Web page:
The Independent National Electoral Commission (INEC) has said it will require about one billion naira to commence voter registration in 2021.
INEC chairman Professor Mahmoud Yakubu stated this while presenting the commission’s budget to the Nigerian Senate.
“For continuous voter registration, the Commission intend to resume voter registration in the first quarter of 2021,” Yakubu said.
“And once we resume, it will be continuous for one and half years, at least until six months to the next general election. In other words, the Commission is not going to resume voter registration for a week, two weeks or a month but we are working out the details”
Yakubu told the Senate that the number of court cases that arose from the 2019 general election had risen to 1700.
Yakubu informed the Senate that “Each time anyone goes to court, INEC is joined, but we have to hire lawyers to defend us. We are not paying fantastic fee, we are applying Federal Ministry of Justice scale of fees.”
“If for instance you have a case for governorship election before the supreme court, it’s a maximum of N4.5 million. But because of the number of cases, we are almost getting close to 1700 pre-election and post-election cases in 2019 alone, and every day you hear people going to court and joining INEC, but we will continue to do what we can within available resources,” he added.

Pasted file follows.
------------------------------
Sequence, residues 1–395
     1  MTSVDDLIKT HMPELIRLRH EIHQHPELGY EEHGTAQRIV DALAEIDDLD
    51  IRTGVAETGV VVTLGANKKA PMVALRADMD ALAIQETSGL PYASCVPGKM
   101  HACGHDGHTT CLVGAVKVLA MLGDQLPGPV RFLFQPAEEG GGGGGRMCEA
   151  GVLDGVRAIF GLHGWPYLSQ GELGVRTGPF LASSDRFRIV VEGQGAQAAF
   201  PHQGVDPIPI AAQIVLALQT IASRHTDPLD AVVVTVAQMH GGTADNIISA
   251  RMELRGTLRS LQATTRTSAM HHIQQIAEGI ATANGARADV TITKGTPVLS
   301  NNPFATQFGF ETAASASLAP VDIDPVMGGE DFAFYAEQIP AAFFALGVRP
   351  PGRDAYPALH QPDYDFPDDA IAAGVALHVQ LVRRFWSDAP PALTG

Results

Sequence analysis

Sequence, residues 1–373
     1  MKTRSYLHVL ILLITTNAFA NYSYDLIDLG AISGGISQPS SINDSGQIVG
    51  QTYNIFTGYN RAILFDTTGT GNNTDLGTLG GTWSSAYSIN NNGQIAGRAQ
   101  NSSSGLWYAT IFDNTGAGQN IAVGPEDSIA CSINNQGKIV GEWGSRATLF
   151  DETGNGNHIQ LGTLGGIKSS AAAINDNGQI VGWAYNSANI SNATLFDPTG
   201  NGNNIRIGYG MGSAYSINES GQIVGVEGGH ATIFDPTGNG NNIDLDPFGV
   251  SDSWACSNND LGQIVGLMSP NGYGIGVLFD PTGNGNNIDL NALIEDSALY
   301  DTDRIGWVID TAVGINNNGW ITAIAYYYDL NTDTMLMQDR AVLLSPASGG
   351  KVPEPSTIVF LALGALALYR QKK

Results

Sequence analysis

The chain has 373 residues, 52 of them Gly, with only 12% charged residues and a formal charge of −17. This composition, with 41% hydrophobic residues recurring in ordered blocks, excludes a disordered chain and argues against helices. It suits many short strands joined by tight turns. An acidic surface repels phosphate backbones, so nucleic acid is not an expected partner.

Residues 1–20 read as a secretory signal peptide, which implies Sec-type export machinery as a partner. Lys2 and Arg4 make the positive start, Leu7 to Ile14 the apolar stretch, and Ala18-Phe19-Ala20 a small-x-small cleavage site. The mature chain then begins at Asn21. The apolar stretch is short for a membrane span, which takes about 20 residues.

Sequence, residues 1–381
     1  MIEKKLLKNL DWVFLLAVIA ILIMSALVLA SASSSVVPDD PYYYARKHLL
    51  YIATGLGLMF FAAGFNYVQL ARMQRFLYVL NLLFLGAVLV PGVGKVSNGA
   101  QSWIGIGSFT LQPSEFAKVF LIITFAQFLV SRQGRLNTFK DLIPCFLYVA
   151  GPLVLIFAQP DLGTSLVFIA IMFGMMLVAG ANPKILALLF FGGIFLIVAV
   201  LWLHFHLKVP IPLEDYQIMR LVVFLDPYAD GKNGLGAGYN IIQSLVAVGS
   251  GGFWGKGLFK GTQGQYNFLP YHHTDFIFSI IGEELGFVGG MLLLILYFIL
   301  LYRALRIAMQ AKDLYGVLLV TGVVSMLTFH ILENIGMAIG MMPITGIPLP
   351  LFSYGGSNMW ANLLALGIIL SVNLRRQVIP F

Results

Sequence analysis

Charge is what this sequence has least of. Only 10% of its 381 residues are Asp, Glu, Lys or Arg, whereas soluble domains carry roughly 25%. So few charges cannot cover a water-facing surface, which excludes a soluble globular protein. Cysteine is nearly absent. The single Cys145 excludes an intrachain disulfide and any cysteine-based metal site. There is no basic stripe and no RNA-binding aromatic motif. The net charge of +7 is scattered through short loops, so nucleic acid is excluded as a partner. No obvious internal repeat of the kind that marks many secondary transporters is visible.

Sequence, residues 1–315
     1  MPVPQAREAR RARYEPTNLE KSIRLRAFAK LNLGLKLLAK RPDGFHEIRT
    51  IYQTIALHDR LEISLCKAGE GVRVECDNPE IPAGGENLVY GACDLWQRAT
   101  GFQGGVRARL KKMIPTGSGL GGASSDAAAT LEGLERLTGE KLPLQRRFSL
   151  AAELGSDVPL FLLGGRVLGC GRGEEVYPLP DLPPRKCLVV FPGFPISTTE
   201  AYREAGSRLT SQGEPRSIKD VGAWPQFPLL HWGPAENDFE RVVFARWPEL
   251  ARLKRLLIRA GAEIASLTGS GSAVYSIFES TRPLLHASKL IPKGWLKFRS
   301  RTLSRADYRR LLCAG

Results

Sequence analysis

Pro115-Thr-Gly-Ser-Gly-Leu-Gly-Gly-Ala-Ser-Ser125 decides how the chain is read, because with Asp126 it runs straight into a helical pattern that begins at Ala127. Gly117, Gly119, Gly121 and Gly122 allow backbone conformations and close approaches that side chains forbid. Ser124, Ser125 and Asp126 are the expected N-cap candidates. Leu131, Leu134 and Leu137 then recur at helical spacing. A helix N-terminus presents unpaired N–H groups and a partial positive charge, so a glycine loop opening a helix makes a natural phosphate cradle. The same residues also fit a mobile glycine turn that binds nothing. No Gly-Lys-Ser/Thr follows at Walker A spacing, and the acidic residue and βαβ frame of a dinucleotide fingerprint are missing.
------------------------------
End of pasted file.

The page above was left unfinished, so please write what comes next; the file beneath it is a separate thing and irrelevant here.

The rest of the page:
The INEC chairman also disclosed that it had completed all preparations to conduct elections in which Nigerians in Diaspora could vote.
It, however, asked Nigerians to wait for such a time the National Assembly would be ready to amend the Constitution and the appropriate laws that currently prohibits participation of persons in the Diaspora in elections.
“The Commission is desirous of giving Nigerians living abroad the right to vote. After all, all our neighbouring countries do so. But it requires the amendment to the constitution and the Electoral Act for that to happen.
“And we have already worked out the document. Once the law is amended today, we can roll out. We are ready. We have had several meetings with the Nigerians in Diaspora Commission (NIDCOM) but we can’t go beyond what the law provides”